Half of the deaths attributed to the xenomorph on the Nostromo were the result of crew members looking for it.  The fact that this one will consciously stalk characters is, imo, more in tune with the characteristics of the xenos in Aliens than with the original film.  Hell, I don't even think Kane's son had even intended to get inside the Narcissus with Ripley at the end of the film.  I always thought it seemed more like it was looking for shelter and wanted to be left alone.


SM
Aug 25, 2014, 01:48:12 AM
Reply #24 on: Aug 25, 2014, 01:48:12 AM
Quote
If we just go by the first movie the alien lifecycle was never really explained. What causes the human corpses to turn into eggs in the cut scene where Ripley stumbles upon Brett and Dallas?

The Alien did it.


HuDaFuK
Sep 02, 2014, 08:34:16 AM
Reply #25 on: Sep 02, 2014, 08:34:16 AM
The way egg morphing works makes the Alien less productive the way I see it.

I'm with you on that. I love the idea of people being turned into eggs from a horror point of view, but it just doesn't make much logical sense. You'd need two hosts for every one Alien. That's pretty wasteful. You'd only get half the Aliens you would if you were using a Queen and eggs, less if you consider the people who will inevitably be killed during the capturing process.


SM
Sep 02, 2014, 08:56:15 AM
Reply #26 on: Sep 02, 2014, 08:56:15 AM
Alien bursts, matures, morphs its former host into an egg.  All in the space 4 or 5 hours.  Multiply depending on number of available hosts, with gestation times of around 16 hours, give or take.

Queens, on the other hand, take about 3 days to gestate and another 3 days before they start laying.

Once they do, of course, you have lots and lots more eggs.

But given a large number of available hosts, you could have a bunch of Aliens already setting up a hive in those 6 days.


windebieste
Sep 02, 2014, 10:37:16 AM
Reply #27 on: Sep 02, 2014, 10:37:16 AM
Most parasites are wasteful.  Like a fungus that inevitably kills its host tree.  The host lives long enough for the parasite to fulfill it's purpose of procreating its next generation. 

Eggmorphing is much the same thing.   The Alien eggmorphs its host into an egg.  The egg then sits dormant for any amount of time - in the case of an Alien, this could be any amount of time.  Centuries or possibly even millennia to our knowledge.

As it looks as though the Alien is intended as a weapon against human beings (as hinted at by what we can project from what we have seen in 'Prometheus') its intended purpose is to wipe out humans and it may be intended for it to perform this task in a geometric progression.  An eggmorphed human needs another human host for the facehugger stage and if this level of prolific progression were to reach its conclusion, eventually, the host species, in this case homo sapiens sapiens (us) is destined to become extinct through such 'wasteful' geometric progression.

A very elegant weapon, wouldn't you say?   In the extreme that's what such a weapon is for, to be wasteful and wipe out its host stock.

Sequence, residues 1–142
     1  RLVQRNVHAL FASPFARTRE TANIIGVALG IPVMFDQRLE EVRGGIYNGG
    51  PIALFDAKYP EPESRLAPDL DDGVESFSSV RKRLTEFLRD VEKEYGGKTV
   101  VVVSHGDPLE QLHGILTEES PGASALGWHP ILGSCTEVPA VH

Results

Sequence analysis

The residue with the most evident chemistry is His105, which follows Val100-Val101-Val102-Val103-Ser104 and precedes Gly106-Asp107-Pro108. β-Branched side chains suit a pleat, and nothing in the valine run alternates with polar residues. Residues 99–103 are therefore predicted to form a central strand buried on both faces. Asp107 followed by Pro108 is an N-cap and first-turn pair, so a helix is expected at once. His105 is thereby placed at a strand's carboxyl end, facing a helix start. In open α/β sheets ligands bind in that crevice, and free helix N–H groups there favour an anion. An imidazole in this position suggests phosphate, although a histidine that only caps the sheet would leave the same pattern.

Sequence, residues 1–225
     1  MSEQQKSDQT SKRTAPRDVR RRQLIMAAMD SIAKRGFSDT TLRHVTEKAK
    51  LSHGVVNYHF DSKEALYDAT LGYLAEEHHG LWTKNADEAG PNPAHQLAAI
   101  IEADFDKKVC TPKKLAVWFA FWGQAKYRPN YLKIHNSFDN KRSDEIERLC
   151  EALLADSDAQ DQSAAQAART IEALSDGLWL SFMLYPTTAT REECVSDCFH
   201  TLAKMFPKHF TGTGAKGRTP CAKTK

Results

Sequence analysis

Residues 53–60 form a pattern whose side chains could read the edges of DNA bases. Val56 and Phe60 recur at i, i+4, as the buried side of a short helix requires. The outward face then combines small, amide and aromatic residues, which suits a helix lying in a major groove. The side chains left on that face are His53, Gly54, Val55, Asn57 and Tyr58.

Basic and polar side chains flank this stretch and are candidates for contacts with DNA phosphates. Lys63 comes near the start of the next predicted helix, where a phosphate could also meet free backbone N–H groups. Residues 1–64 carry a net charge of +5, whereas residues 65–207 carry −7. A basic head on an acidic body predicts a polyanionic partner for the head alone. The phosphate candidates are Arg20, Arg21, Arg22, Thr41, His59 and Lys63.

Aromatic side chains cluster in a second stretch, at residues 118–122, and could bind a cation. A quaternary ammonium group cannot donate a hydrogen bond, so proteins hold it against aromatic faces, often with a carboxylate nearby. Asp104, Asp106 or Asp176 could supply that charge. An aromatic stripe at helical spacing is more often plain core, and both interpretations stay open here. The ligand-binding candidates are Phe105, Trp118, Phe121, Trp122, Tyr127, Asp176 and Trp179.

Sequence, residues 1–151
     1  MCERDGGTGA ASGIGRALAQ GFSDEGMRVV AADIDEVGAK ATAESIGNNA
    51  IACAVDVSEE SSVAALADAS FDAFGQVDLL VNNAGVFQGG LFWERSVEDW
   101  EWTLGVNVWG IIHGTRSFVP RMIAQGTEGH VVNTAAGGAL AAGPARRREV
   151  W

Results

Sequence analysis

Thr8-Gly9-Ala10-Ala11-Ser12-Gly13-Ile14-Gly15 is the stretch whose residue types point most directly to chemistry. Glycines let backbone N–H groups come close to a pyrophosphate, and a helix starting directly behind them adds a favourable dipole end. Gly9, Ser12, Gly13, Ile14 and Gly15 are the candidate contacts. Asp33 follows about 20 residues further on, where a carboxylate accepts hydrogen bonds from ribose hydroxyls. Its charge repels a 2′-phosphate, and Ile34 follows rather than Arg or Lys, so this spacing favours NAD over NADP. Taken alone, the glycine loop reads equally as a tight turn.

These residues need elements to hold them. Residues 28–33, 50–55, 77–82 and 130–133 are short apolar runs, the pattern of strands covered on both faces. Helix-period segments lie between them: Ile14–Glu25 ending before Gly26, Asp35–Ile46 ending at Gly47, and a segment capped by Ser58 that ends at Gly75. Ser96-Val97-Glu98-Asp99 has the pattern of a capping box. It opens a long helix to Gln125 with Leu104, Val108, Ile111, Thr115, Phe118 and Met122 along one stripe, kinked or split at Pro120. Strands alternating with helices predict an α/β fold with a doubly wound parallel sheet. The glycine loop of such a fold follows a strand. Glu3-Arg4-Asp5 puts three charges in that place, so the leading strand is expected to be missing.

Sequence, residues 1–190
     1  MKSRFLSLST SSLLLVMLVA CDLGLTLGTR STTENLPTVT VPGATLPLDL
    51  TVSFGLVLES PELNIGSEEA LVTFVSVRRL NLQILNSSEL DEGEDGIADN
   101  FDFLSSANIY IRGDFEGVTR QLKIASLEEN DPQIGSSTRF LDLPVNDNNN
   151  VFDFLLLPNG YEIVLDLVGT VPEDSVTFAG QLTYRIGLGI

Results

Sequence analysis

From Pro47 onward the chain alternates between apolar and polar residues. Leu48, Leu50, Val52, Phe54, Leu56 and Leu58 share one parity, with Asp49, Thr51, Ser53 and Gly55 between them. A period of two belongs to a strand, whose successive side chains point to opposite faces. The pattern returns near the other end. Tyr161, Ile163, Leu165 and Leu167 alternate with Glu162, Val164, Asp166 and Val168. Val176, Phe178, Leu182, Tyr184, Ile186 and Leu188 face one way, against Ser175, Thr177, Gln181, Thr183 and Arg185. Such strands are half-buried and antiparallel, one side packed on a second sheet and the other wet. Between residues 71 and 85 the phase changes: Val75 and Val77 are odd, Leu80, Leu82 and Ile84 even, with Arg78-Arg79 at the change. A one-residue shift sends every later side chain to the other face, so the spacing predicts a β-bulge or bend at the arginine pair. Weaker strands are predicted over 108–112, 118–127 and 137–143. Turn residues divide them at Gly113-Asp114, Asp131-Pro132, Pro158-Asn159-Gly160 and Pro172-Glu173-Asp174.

-Windebieste.

[EDiT] - Oh, and 'conservation' holds no meaning to a parasite.  Symbiotic relationships are very, very different.

« Last Edit: Sep 02, 2014, 10:40:39 AM by windebieste »

PsyKore
Sep 02, 2014, 10:59:02 AM
Reply #28 on: Sep 02, 2014, 10:59:02 AM
Most parasites are wasteful.  Like a fungus that inevitably kills its host tree.  The host lives long enough for the parasite to fulfill it's purpose of procreating its next generation. 

Eggmorphing is much the same thing.   The Alien eggmorphs its host into an egg.  The egg then sits dormant for any amount of time - in the case of an Alien, this could be any amount of time.  Centuries or possibly even millennia to our knowledge.

As it looks as though the Alien is intended as a weapon against human beings (as hinted at by what we can project from what we have seen in 'Prometheus') its intended purpose is to wipe out humans and it may be intended for it to perform this task in a geometric progression.  An eggmorphed human needs another human host for the facehugger stage and if this level of prolific progression were to reach its conclusion, eventually, the host species, in this case homo sapiens sapiens (us) is destined to become extinct through such 'wasteful' geometric progression.

A very elegant weapon, wouldn't you say?   In the extreme that's what such a weapon is for, to be wasteful and wipe out its host stock.

-Windebieste.

[EDiT] - Oh, and 'conservation' holds no meaning to a parasite.  Symbiotic relationships are very, very different.

Hmm, that fits pretty nicely; never thought of it like that.

I was also gonna say, what if the egg is actually the final stage of the cycle, not the adult Alien? The adult could just be a means to leave behind some eggs.


HuDaFuK
Sep 02, 2014, 11:04:59 AM
Reply #29 on: Sep 02, 2014, 11:04:59 AM
A very elegant weapon, wouldn't you say?   In the extreme that's what such a weapon is for, to be wasteful and wipe out its host stock.

That depends entirely on you accepting the whole 'Aliens are engineered weapons' theory though. If it's a natural creature it seems less sensible.